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Diesel or Petrol?

9723 Views 32 Replies 22 Participants Last post by  miggylufc
I am very close to buying my Eos, but cannot decide between Diesel or Petrol, the petrol certainly has more zip, but the fi=uel economy of the diesel is attractive.

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I was also very impressed with the how quiet the tdi motor was, however after taking the top off, well thats a different story. Driving slowly (0-50km/h) such as in car parks or creeping through city traffic, side streets, taking off at traffic light, etc) the horrible sound of a diesel engine was very evident, and for a convertible it was unacceptable. Once you reach 50-60km/h, no problems, you wouldnt even know its a diesel.


As for the diesel soundtrack, ok roof on, however not a good mix with roof down at lower speeds. Its down to personal preference.

The MY09 model does not have these problems - if anything, the car is too quiet to the point people we take out in the car will not believe it is a diesel due to the lack of noise and its V8-like acceleration capabilities.

Anyone offered an MY08 version "off-the-floor" over waiting for delivery of an MY09 should keep this in mind and negotiate a bigger discount :D .
That's interesting, so you're saying that the new common rail diesel is quieter than the older PD diesel engine. Good to know as although I dont like the sound of a diesel my next Eos will most likely be a diesel for the economy, especially as I cover around 16,000 miles a year.
Cheers, David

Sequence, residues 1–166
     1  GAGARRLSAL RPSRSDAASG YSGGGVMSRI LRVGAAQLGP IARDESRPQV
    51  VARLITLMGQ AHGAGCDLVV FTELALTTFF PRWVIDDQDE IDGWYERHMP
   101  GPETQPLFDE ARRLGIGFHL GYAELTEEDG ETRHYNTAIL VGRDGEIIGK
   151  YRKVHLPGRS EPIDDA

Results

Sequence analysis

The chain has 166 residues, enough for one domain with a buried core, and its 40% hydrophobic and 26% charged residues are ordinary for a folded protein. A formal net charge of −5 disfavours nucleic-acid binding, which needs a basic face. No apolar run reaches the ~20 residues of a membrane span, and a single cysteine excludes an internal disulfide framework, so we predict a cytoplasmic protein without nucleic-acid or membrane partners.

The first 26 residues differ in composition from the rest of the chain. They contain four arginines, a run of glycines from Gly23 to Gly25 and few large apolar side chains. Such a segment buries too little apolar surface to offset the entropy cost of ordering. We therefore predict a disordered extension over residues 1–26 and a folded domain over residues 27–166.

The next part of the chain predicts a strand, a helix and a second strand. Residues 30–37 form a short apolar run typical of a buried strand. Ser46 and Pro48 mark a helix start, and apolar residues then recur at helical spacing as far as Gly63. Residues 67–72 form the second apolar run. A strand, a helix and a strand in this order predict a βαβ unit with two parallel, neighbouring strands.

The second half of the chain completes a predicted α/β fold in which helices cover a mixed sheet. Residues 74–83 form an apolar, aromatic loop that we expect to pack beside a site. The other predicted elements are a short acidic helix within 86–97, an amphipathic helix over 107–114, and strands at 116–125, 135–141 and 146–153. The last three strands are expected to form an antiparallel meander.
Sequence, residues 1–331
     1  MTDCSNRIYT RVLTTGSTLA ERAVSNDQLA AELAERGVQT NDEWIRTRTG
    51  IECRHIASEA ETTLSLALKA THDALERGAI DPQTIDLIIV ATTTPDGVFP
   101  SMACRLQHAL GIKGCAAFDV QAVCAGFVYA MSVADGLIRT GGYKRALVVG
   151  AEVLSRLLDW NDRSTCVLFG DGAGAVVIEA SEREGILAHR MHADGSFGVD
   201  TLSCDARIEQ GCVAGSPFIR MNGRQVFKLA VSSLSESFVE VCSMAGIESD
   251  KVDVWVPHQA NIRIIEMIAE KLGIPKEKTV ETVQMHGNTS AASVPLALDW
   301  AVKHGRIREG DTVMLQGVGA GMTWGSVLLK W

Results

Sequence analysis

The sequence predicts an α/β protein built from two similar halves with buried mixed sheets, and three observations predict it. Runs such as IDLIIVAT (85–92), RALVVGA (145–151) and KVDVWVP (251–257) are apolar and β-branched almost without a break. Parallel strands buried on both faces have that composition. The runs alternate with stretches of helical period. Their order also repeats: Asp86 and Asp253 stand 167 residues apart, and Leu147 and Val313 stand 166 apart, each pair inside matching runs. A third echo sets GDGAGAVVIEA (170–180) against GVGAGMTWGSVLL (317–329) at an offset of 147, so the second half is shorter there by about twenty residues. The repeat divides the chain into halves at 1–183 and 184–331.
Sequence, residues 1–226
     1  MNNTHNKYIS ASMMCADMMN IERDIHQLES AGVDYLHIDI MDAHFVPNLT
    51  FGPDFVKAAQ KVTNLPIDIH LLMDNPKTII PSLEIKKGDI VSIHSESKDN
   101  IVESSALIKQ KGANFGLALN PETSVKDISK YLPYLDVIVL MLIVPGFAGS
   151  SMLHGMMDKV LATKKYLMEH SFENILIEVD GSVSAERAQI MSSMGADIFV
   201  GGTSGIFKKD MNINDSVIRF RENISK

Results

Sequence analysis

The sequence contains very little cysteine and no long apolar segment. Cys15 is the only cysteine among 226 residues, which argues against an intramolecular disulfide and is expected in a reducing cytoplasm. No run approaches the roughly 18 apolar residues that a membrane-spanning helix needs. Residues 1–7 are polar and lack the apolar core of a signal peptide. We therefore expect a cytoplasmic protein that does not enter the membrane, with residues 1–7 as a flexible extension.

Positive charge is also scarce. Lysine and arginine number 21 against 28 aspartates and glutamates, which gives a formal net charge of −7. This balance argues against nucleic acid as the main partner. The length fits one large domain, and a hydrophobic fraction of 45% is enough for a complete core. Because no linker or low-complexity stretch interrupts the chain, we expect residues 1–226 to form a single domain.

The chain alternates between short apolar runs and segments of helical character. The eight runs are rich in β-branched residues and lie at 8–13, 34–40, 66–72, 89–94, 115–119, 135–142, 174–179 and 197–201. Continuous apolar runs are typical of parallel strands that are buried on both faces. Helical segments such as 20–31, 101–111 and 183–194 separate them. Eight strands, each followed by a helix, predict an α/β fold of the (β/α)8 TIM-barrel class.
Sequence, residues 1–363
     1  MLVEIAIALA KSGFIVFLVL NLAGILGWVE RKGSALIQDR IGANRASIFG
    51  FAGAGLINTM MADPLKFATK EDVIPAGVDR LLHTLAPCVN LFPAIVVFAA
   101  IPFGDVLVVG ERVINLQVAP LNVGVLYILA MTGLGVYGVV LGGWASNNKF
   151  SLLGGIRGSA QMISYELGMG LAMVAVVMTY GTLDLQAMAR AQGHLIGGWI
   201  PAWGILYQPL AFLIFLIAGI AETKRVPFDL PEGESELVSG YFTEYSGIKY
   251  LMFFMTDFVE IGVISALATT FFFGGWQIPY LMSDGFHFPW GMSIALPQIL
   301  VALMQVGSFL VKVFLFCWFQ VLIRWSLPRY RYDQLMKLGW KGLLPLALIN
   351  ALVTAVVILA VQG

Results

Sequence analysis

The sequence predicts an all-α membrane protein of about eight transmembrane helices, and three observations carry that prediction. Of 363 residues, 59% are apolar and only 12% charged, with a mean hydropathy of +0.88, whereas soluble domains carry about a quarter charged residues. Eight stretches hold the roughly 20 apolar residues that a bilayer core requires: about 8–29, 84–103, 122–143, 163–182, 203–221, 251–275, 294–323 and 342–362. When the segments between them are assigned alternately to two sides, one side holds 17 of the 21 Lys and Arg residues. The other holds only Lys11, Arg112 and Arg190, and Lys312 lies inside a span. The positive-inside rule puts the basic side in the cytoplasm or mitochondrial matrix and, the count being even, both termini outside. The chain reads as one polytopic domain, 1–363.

Try a test drive in a MY09 diesel and I am certain you will get a very pleasant surprise.

When my partner's car was started in the showroom before we accepted delivery, I was sure they had swapped it with an identical petrol version also being delivered at the same time and asked the salesman to check.

Somewhat embarassing for a car tragic like myself :eek:.
Yes, diesel is 30+ cents more expensive than regular unleaded, but since the 2.0TFSI should be running on premium, the price difference should be about 20+ cents.
By my wife's calculations, diesel would have to be 55 cents more than premium to make the diesel uneconomical (based on the list price, VWs consumption figures, and 15,000km per year over 10 years).

World diesel prices comparative to petrol[gas for our US members] are higher than normal due to demand for power generation and transport in India and China which consumes large volumes of this product. Thanks to the lack of new refinery construction in recent years, world production has not kept up with demand and spot market prices have increased accordingly as reflected in current pump prices.

Once additional refineries under construction in these countries come "on stream", I hope the price differential will show a substantial reduction although I do not expect it to come back to parity.
I have been test driving both and was unsure but I noticed in the diesel I tried that it too half a second or so to respond from a standing start. Was there something wrong with this demo or is this typical of the diesel? The sales person said it was the diesel behavior but I have to admit I found it surprising. The Petrol responded immediately.

Should I try another diesel?

Thanks in advance for your feedback

Hi Michael,

Definitely try another diesel and try to get it for a couple of hours to go for a decent run with some city and highway driving if possible. If it is manual car, forget your petrol car driving technique. Just get the car moving up to 2000/2500rpm in each gear and change up - don't try to rev the engine higher in each gear as this doesn't improve the acceleration unlike a petrol car; just let the silky torque of the engine do its job. If you get the car out on the highway, you don't usually have to change down to overtake unless on a really steep hill - just use the accelerator and experience the urge - it is addictive :) .